Who else here saw the Adam Jones announcement and thought “I can buy a Norlin LP Custom for $3K, swap in a JB/Jazz (or maybe a Distortion) for $250, and I have a more accurate, vintage-correct copy of Adam’s guitar?

Who here read the Jerry Cantrell announcement and thought “I can buy a 90s LP Custom for $2,200 to $2,800, swap in another SD JB/59 pickup set for $250, maybe buy a fishman piezo for $100, and I’ll have Jerry’s exact set up”? And I’ll still have enough left over to copy the next a Gibson Signature model!

Did anyone else have the same thought?

Norlin era Gibsons don’t command prices like the 50s/60s Gibsons do. Instead of the signature models inspiring guitar players, they’ve caused every idiot selling a Les Paul to think that their LP they have for sale is worth $5K-$9K. And maybe that was Gibson’s plan all along. Why buy a $9K LP when we found buy a Custom Shop LP on the used market for $3,500? Gibson found a way to destroy the value buys in the market by selling Les Pauls with non-Historic specs (Nashville Bridge, Short Tenon, aftermarket electronics, non-flametops, ect.) at unreasonable, unjustified prices…

…and it seems like in the short term, it worked.

It was less than two years ago that you could buy a Les Paul made in the 70s/80s/90s/00s for around $2,500. I bought more than 12 Gibson LP Customs UNDER this number. Both Reissues and normal Customs. Both “vintage” and later made guitars.

If it wasn’t for the Limited availability of these models, I don’t think they would be as popular as they are. I personally do not see the value in these last few years of signature Les Pauls. From a player’s perspective, I can find Norlin and Henry era LPs in the used market for far less money…and they are authentic. From a fan’s perspective, these signature Les Pauls are not exactly like what _______ played.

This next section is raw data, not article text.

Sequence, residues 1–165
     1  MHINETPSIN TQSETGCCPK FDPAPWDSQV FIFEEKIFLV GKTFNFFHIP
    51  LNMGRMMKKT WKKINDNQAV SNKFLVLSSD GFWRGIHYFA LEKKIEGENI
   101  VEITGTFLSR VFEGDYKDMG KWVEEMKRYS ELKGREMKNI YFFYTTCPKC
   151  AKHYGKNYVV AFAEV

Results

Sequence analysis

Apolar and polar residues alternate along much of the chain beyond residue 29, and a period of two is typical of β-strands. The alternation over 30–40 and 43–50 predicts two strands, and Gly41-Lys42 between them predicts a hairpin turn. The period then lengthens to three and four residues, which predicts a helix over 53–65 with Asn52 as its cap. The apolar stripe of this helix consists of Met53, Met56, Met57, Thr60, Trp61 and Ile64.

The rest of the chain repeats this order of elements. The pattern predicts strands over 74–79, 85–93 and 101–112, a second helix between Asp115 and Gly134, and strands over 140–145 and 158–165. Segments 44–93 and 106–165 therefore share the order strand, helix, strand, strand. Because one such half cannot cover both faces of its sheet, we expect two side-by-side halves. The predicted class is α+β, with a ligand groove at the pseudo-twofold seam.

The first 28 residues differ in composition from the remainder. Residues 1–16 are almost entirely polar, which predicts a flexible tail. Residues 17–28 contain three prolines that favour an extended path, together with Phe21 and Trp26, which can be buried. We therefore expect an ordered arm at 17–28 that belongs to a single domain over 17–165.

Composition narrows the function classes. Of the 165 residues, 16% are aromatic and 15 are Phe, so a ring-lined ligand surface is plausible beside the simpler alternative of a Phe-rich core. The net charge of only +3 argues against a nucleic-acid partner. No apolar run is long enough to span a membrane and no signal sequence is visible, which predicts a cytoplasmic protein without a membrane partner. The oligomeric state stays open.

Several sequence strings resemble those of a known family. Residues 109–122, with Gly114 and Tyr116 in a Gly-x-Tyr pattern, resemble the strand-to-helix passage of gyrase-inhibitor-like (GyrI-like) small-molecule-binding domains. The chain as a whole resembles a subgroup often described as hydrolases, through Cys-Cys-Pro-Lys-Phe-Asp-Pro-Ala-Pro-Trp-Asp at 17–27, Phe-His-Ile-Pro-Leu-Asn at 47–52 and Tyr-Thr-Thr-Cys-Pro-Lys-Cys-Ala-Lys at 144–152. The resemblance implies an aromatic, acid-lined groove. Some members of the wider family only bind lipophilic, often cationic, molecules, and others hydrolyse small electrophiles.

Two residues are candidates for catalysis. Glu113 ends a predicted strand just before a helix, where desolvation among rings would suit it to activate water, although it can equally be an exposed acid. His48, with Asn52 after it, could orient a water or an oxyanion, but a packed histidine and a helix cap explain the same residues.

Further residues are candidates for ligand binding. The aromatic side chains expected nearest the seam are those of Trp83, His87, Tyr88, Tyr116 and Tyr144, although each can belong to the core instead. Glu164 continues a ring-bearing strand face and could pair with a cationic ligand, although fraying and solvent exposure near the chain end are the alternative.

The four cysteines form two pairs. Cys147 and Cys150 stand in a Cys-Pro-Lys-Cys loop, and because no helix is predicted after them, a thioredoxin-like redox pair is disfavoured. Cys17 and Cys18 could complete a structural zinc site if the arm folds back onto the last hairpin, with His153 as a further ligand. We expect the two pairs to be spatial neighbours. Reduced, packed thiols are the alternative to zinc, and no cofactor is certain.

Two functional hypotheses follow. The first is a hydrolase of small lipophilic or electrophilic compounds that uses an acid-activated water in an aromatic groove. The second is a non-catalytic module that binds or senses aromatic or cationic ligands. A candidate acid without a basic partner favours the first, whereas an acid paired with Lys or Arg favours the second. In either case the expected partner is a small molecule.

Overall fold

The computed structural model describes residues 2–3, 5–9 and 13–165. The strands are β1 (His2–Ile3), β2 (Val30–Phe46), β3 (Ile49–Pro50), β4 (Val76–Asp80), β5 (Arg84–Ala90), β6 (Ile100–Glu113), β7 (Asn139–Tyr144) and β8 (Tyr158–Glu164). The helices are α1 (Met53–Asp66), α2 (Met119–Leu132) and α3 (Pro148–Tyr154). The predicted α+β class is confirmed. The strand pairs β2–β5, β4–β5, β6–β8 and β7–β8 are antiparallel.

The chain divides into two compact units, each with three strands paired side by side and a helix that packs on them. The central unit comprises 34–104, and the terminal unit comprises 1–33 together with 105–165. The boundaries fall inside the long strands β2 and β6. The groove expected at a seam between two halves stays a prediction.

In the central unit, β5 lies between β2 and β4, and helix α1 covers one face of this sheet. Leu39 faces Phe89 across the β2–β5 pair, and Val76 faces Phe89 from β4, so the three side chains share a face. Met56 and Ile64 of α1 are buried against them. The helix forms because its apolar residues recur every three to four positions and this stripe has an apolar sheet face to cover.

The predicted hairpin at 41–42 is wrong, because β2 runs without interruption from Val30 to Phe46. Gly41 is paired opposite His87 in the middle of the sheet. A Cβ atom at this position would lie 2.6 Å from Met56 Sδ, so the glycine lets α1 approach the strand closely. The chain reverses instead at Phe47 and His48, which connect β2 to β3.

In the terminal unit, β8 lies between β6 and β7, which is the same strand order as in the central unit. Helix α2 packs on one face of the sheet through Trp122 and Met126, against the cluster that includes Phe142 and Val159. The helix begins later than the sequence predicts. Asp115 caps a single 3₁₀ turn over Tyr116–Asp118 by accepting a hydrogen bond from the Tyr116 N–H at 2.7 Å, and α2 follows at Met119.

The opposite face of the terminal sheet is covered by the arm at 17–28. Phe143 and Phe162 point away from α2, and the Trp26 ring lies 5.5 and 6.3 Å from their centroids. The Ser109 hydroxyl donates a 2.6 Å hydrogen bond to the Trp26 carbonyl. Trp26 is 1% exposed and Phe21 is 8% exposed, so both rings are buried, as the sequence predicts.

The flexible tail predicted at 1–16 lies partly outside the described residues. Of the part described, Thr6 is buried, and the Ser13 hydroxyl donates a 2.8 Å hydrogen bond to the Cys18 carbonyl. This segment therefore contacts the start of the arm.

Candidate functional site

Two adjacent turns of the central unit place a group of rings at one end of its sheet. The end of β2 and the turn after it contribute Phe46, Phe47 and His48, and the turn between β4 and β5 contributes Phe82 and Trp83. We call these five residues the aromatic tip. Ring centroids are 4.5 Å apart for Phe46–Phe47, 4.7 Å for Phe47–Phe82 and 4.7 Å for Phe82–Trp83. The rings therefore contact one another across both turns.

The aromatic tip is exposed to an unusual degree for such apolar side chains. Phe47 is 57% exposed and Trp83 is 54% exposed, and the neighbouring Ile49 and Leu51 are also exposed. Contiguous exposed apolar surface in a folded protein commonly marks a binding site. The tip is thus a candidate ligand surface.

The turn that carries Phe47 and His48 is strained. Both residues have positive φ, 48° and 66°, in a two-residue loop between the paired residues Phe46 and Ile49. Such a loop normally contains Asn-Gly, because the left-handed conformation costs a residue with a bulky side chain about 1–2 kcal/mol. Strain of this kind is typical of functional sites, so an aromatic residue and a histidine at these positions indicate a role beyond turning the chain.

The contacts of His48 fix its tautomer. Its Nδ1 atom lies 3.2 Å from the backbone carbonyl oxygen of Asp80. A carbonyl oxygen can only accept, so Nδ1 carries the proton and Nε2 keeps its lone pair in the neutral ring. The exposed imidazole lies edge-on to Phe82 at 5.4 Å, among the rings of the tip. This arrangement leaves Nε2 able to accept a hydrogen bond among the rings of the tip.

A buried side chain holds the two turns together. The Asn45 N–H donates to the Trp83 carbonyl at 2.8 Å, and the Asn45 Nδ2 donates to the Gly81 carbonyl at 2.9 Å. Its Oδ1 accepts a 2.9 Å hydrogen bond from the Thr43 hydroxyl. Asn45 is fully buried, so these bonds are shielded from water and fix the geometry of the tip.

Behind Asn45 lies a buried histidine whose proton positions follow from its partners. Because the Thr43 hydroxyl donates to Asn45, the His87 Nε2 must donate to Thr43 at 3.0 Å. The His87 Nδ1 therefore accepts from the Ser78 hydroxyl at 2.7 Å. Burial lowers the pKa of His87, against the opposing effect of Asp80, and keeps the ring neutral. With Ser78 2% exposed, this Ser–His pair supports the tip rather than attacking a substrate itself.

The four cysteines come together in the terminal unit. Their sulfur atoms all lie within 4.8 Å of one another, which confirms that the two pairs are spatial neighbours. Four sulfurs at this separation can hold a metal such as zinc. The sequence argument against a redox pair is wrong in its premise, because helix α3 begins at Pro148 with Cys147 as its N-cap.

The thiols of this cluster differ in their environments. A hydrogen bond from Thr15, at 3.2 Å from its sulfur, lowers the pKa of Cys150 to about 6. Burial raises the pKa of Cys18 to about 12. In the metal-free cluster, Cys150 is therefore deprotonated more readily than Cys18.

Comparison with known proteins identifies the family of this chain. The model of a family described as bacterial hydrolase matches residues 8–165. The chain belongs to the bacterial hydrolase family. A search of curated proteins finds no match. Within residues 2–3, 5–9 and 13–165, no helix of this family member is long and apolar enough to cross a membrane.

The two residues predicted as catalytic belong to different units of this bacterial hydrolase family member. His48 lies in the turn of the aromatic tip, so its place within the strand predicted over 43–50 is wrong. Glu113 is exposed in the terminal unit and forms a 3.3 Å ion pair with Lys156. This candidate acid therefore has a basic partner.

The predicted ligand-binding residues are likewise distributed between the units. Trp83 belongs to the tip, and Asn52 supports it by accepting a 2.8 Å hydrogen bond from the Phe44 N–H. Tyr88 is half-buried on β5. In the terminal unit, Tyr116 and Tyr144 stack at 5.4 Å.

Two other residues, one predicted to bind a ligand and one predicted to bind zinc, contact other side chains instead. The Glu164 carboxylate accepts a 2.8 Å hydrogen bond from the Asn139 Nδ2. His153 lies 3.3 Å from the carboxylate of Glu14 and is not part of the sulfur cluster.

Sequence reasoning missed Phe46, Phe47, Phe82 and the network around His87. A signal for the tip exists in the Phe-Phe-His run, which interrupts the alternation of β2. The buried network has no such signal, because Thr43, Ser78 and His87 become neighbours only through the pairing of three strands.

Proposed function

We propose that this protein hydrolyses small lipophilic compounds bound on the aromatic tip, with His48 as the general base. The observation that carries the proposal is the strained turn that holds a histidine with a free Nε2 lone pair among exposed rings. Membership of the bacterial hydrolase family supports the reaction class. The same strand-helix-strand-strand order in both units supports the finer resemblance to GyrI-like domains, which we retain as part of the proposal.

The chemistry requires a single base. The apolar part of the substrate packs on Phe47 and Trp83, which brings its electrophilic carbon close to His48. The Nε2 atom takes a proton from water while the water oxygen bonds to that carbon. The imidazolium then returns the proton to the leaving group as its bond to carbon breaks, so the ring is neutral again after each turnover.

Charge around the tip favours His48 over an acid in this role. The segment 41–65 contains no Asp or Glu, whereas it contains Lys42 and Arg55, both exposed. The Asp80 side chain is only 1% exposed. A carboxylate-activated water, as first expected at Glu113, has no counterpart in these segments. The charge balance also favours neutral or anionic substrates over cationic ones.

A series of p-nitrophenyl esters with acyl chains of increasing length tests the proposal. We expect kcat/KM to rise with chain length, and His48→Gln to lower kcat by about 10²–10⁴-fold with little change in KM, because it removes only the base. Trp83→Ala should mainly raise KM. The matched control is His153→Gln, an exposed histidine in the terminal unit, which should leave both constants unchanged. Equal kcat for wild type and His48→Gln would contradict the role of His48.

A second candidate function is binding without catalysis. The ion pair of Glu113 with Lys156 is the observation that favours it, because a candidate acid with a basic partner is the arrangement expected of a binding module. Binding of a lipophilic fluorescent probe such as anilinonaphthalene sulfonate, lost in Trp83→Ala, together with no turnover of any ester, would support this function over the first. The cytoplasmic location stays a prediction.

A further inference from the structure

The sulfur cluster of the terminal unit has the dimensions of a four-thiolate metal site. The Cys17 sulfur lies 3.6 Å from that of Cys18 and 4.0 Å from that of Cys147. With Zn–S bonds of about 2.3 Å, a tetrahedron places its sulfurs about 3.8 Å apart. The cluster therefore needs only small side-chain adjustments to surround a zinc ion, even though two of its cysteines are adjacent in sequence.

So, while I think it’s cool some of my favorite guitarists are finally being honored by my favorite guitar brand, unfortunately, I don’t see the value in it.
 

greatmutah

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No I think @fretout got the business side well. Collectors and investors buy these up and Gibson and said artist profit. Which is good for them. He points that out.

But I agree with what he’s saying especially about the guitars being 95% there. As well as over inflating prices on the existing used market. I don’t think these instruments alone solely caused that huge price jump as Covid caused price increases as people were home and buying more gear than selling. So used gear availability is at a low compared to pre Covid. That definitely didn’t help prices either. And I can see how these sig guitars didn’t help either. Norlin era Silverbursts we’re always expensive but now they’ve jumped from $3K - $5K into people asking $7K - $9K for them because they’re the real deal the Adam Jones model is based off of. And hey people can ask whatever they want for their gear. The used gear market is a free market. But some of these reissues didn’t help the price increases.

And back to the point about the specs: I think that’s the one thing that boggled my mind about the Wino LP at the least. Jerry’s actual Wino has MCPs in it, not the 490R/498T combo. At the price they’re asking, would it really have been that much more expensive to call Wade at MCP and commission a run of 2nd Degree Black Belts and/or AFWAYUs to go with these? I’m sure Wade would have jumped at the chance to do pickups for these guitars. And I don’t dislike Gibson pickups at all but for the sake of completeness, why not just do the whole thing 100% instead of 95%?

All the same, I’m clearly not in the intended market for these and that’s ok. Kudos to those who are and I hope you enjoy your instruments.
 
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I like to think of this signature guitar as honoring an artist that made a difference in music, more so than trying to cop the tones of SD.

However, the price throws that notion right out the window…

…then through the neighbors window X 9.

But I think this will be interesting, and here’s why. Both Mike Ness’s Signature and Jerry Cantrell’s signature models don’t bring any “special” specs to the table. It’s not like there’s a focus on top carves, tenon length, or accurately wound PAFs like the Custom Shop Historic models, or any of the CC models.